The BaseSubject<T> class implements the IObservalbe<T> interface and is the entry point for the subscription. If a client wants to substrice to a source that produces values he overtakes a class that implements the IObserver interface and if a item is produced, an error was generated or the production has completed the client gets called through this inteface.  The Subject class is abstract because it produces no items, the subclassed of BaseSubject produce the items (for example the ReturnSubject or GenerateSubject class). The Scheduler property allows the subject to use different Schedulers (for example a TaskScheduler) to produce the items. The ColdSubscribe method is used if one Subject wants to Subcribe for another Subject withou starting the production of items by the first Subject. The DisposeObject<T> implements the IDispose interface and with the call of Dispose a Subscriber can stop his subscription.

```public abstract class BaseSubject<T> : IObservable<T>
{
public List<IObserver<T>> observers;
private IScheduler scheduler = new TaskScheduler();
public bool running;

public IScheduler Scheduler
{
get { return scheduler; }
set { this.scheduler = value; }
}

public abstract void Execute();

protected virtual void NotifyObservers(T value)
{
foreach (var item in observers)
{
item.OnNext(value);
}
}

protected virtual void NotifyErrorObservers(Exception exception)
{
foreach (var item in observers)
{
item.OnError(exception);
}
}

protected virtual void NotifyCompleteObservers()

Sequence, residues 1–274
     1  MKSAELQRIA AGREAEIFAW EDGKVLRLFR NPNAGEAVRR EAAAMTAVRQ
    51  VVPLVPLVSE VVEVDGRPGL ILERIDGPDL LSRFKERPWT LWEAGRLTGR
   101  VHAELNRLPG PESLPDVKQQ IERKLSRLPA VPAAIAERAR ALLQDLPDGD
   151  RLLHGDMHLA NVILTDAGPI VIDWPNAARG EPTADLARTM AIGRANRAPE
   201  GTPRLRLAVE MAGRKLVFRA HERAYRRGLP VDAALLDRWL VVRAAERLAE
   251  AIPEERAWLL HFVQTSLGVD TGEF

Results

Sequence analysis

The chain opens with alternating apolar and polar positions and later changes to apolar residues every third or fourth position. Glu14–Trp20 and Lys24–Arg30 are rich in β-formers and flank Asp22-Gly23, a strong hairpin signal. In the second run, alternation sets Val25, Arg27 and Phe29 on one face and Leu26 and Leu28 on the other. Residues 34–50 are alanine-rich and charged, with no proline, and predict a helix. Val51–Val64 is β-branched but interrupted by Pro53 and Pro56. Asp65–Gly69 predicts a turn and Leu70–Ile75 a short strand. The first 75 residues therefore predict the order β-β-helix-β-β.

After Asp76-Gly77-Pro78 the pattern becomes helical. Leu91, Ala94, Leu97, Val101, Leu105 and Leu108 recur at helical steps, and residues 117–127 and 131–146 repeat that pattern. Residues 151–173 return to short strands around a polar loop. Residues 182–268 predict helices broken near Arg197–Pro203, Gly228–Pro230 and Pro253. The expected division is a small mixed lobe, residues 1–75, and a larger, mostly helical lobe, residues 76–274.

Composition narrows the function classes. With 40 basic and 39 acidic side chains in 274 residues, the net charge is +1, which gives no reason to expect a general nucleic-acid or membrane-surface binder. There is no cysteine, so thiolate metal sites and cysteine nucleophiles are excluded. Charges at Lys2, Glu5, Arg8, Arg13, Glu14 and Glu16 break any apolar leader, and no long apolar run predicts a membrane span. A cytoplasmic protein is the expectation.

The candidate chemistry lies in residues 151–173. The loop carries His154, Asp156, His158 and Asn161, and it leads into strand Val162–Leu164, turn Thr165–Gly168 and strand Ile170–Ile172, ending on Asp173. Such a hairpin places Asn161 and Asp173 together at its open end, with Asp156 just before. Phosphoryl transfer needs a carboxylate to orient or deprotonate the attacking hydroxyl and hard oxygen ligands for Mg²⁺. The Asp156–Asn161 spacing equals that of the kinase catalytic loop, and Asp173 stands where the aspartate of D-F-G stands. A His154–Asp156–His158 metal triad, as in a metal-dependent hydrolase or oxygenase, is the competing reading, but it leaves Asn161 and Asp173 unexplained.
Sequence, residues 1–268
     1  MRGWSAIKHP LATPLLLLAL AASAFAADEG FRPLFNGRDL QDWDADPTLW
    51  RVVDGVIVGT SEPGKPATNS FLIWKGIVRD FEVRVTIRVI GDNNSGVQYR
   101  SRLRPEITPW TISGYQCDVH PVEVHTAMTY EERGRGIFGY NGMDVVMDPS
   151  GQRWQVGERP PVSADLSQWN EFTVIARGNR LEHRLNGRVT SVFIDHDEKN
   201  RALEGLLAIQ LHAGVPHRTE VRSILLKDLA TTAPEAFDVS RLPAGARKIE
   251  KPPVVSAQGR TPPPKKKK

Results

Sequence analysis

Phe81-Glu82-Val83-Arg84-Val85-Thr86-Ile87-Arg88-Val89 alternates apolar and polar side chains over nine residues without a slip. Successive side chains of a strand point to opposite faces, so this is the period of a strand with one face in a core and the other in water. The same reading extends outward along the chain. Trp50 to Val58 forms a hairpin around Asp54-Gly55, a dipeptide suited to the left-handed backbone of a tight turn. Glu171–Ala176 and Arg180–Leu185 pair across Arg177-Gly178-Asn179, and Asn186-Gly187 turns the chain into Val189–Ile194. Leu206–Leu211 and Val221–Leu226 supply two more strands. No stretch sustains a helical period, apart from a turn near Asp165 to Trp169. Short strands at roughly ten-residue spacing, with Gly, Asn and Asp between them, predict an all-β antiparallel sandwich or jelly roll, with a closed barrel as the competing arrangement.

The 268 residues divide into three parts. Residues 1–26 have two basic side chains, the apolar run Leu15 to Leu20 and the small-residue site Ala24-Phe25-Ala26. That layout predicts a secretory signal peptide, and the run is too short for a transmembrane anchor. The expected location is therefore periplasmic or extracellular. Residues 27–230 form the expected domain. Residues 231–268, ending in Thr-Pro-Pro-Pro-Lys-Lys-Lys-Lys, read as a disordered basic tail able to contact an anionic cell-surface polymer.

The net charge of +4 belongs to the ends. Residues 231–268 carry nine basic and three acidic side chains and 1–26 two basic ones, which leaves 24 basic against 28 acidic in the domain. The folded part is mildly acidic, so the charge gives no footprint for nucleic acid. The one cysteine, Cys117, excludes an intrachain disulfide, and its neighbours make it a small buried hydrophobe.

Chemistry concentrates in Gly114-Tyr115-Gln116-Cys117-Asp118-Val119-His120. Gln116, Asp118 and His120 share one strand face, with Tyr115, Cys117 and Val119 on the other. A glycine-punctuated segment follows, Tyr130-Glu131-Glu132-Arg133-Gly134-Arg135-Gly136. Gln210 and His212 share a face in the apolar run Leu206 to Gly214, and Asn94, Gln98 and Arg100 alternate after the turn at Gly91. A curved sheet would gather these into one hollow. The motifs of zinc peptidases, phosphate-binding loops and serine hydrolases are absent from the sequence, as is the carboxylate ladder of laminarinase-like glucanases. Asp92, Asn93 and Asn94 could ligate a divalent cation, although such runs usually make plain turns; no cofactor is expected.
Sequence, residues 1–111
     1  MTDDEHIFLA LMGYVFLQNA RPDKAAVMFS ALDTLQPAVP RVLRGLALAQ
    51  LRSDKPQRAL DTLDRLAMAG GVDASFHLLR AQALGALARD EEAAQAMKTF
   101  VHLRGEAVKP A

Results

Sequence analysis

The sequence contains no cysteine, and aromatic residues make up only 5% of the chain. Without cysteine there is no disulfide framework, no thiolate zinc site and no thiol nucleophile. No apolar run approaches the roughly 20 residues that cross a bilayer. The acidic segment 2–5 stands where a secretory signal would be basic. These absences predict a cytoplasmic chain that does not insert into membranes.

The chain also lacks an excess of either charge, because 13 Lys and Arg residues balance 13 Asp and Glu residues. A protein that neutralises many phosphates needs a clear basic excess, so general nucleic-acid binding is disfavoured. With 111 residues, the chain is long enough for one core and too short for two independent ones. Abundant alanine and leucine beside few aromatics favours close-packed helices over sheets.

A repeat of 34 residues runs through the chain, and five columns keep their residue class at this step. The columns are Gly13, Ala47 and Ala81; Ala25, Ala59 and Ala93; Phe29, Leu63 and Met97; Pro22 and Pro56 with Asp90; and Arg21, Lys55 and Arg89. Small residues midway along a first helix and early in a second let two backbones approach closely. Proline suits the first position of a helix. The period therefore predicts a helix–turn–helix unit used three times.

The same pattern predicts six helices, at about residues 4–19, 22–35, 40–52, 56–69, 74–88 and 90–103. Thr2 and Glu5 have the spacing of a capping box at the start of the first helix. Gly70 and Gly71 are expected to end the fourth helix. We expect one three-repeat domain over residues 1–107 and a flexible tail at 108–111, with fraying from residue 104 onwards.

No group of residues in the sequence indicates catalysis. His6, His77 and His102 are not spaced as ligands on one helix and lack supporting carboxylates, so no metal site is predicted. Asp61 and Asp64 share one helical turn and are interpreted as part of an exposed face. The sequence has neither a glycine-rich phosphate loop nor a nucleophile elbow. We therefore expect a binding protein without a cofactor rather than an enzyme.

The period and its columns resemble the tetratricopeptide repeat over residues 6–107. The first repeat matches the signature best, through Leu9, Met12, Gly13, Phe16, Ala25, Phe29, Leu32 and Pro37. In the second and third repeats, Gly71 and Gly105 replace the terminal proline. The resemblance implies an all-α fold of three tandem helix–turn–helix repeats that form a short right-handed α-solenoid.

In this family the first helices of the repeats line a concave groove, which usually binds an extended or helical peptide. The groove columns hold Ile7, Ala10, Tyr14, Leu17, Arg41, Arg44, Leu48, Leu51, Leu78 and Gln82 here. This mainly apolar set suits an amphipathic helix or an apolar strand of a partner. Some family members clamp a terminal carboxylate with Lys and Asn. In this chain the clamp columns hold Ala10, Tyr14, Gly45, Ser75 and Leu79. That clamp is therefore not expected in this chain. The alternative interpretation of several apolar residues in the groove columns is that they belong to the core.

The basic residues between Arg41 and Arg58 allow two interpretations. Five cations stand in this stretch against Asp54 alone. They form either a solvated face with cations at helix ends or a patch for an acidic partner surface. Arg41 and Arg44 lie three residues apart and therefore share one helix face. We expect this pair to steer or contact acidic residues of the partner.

{
foreach (var item in observers)
{
item.OnCompleted();
}
}

public BaseSubject()
{
observers = new List<IObserver<T>>();
}

public IDisposable Subscribe(IObserver<T> observer)
{
IDisposable disposable = new DisposeObject<T>(observers, this, observer);
if (!running)
{
this.running = true;
Execute();
}
return disposable;
}

public IDisposable ColdSubscribe(IObserver<T> observer)
{
IDisposable disposalble = new DisposeObject<T>(observers, this, observer);
return disposalble;
}
}```

Another interesting class is the Subject class. A subject implements IObservable<T> and IObserver<T>, that means you can subscribe to a Subject and call the OnNext, OnError and OnComplete yourself. That means you can control the creation of items, if you call OnNext and Observers thas Subscribed to your Subject can react on this creation. This is the implementation of the Subject class. As you see it Implements IObservable<T> IObserver<T> and IDisposable and it is a child class of BaseSubject<T>.

```public class Subject<T> : BaseSubject<T>, IObservable<T>, IObserver<T>, IDisposable
{
private Action<T> OnNext_ = p => { };
private Action OnCompleted_ = () => { };
private Action<Exception> OnError_ = ex => { };

public Subject(Action<T> onNext, Action<Exception> onError, Action onCompleted)
{
this.OnNext_ = onNext;
this.OnError_ = onError;
this.OnCompleted_ = onCompleted;
}

public Subject(Action<T> onNext, Action<Exception> onError)
{
this.OnNext_ = onNext;
this.OnError_ = onError;
}

public Subject(Action<T> onNext)
{
this.OnNext_ = onNext;
}

public Subject()
{

}

public void OnCompleted()
{
NotifyCompleteObservers();
}

public void OnError(Exception error)
{
NotifyErrorObservers(error);
}

public void OnNext(T value)
{
NotifyObservers(value);
}

public void Dispose()
{
NotifyCompleteObservers();
}

public override void Execute()
{

}
}```

Because the internal implementation for a subject is different the Subjects class is needed.  The Subjects class works like the Observable class but for subjects.  In my next post i will describe the Observer and the Subjects classes and there many different methodes.

SimpleRx: (part1) (part2) (part3) (part4) (part5) (part6) (part7) (part8)